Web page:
Not shying away from the ugliness
J S Lee digs deep into the truth of her family, not shying away from the ugliness that is the narcissistic group of people who took Shay in and made her pay with her joy, confidence, and safety. As an adoptee, I related in a profound way to her feelings of doubt, but more importantly, her resolve and strength to honor her own heart and gut. If you’ve ever been made to second guess yourself in a relationship, Shay’s story will resonate with you. Thank you, Jessica, for your steadfast courage to share from your heart all the words I fail to speak. —Amazon Customer
Powerful and Important Read
Powerful and important read. I’m haven’t been much of a reader since college, but I finished this book in two days because it was so engaging. I have been doing my own grief work surrounding my adoption over the past couple of years. I related to Shay so much throughout this novel. My boyfriend and I recently suffered a couple of early pregnancy losses, which as an adoptee especially, is pretty soul crushing. Reading this book helped remind me that i’m not alone in this sorrow. I also, “want to morph into this shiny new woman who is okay without having a mother or child.” This line, broke me down, but in all the right ways. Thank you again! —awesomeaunt
Beautifully written, hard to put down
“Who we choose” and “Not for everyone” resonated profoundly but it was “Plan B” that brought me to tears. Shay’s story was written magnificently, in a way that takes hold of the reader and doesn’t let go. Would wholeheartedly love to see a sequel to Keurium.
Adoption stories can sometimes be glorified, overlooking the harsh realities one can face. As a transracial adoptee, the complexities of being adopted into whiteness as well as wealth were welcomed themes that speak an often unspoken truth. —Harley
Sometimes a story can sit with you for a while as you unpack all the triggers. Shay’s catharsis is as compelling and heart-wrenching as it is empowering. —Polly
Must read! Especially for those with ties to transracial and intercountry adoption!
Keurium is the first novel that has accurately mirrored many of the similar struggles as an intercountry adoptee. A close friend gifted me a copy of this knowing I had been hospitalized with some serious heart issues a few months back. Being close in age to the main character in Keurium, I connected with so much of her feelings towards her own story. Although it is heartbreaking, Keurium brings understanding to those who struggle with their happiness and feel the ongoing result of their early traumas. Keurium allowed me to validate my pre and post-adoption trauma as well as the contribution this trauma has had to me weakening heart. Emotional and physical health are so often interrelated.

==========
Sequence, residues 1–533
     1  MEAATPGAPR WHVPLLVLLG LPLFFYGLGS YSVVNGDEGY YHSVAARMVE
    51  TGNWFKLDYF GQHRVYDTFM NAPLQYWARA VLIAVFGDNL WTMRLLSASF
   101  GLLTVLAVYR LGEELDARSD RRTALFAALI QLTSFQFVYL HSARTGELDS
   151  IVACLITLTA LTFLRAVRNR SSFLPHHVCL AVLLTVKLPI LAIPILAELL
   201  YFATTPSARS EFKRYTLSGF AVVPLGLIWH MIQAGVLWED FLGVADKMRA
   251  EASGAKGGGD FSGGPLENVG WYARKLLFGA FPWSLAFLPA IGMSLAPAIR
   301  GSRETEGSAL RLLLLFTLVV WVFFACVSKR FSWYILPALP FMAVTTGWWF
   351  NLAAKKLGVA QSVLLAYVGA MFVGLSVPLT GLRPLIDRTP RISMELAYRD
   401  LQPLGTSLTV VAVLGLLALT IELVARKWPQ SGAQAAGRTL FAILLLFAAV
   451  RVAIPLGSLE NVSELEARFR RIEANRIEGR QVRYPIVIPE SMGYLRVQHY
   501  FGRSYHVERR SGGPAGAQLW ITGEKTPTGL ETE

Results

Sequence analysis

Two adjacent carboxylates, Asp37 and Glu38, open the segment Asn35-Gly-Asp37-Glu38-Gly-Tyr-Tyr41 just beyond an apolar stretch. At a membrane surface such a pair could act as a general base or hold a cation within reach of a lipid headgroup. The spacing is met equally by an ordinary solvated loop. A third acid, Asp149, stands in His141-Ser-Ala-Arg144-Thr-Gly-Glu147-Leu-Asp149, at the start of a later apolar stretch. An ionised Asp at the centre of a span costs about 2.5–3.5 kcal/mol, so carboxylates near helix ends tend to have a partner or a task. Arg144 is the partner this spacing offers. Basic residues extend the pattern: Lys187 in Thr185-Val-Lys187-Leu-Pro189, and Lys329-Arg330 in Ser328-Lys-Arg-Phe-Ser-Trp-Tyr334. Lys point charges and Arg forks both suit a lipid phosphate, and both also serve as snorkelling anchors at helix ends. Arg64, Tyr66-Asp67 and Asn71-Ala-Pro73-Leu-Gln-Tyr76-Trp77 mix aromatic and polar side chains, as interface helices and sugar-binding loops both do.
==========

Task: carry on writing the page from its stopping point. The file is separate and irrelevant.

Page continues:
Aside from adoption, I found Keurium extremely resonating in addressing multiple complicated family dynamics and secrecy; a norm for the American family.
Thank you JS Lee for your honesty in creating a story of the real adoptee experience. —hp12101
Choose this book!!
What a beautiful book. The author’s perspective is so intimate and vulnerable. Through the lead character of Korean adoptee Shay, topics of family dysfunction, racism, abuse, and neglect are all addressed with a singular fight to face what is true. Reading this book was not only an engaging experience for me, it left me with a new awareness of the real life issues of its contents. Somehow within the array of emotions , this book has a witty, innocent humor throughout and maintains a spiritually evolved perspective. Absolutely stunning. —Alice A.
A riveting and courage book.
‘Keurium’ (from the Korean 그리움 ‘longing’) is a powerful and beautifully written novel about a Korean adoptee who grows up in a wealthy but abusive family in Massachusetts. There are heartbreaking passages on how even in the most awful family moments, the central character of Shay is constantly told she should be grateful that she was rescued from an orphanage, and on her constant anxiety over whether she could be truly loved by her white parents. A riveting and courage book. Must have been hard to write, but she achieved something truly meaningful. Also, since it’s published by a smaller press, it should be better known through word of mouth. Please read and spread the news. —Minsoo K.
Written by an Adoptee, for Adoptees
I finished this book in less than two days because I couldn’t put it down. As an adoptee who also lost her first family and first culture, I found it to be an empowering story of an isolated and wounded adoptee taking back her power and her identity. I was cheering Shay on from page 1 until the end. This was written for the adoptees who didn’t get the fairytale—and those stories deserve to be heard too. –Bekah M
A fantastic read - recommended to anyone interested in family dynamics, trauma, and greater understanding of the human condition
A compelling novel written from the perspective of a transracial & transcultural adoptee coming to new understandings & realizations about herself, her adoptive family, and her partner. I read this as someone with several close friends who had adjacent experiences to the main character, and – as I read further – as someone with a lot more in common with her than I had anticipated. The story is beautifully crafted, with evocative phrasing and a natural structural flow. Moving, inspiring, and intensely though-provoking – far after the last page has been turned. –Pam L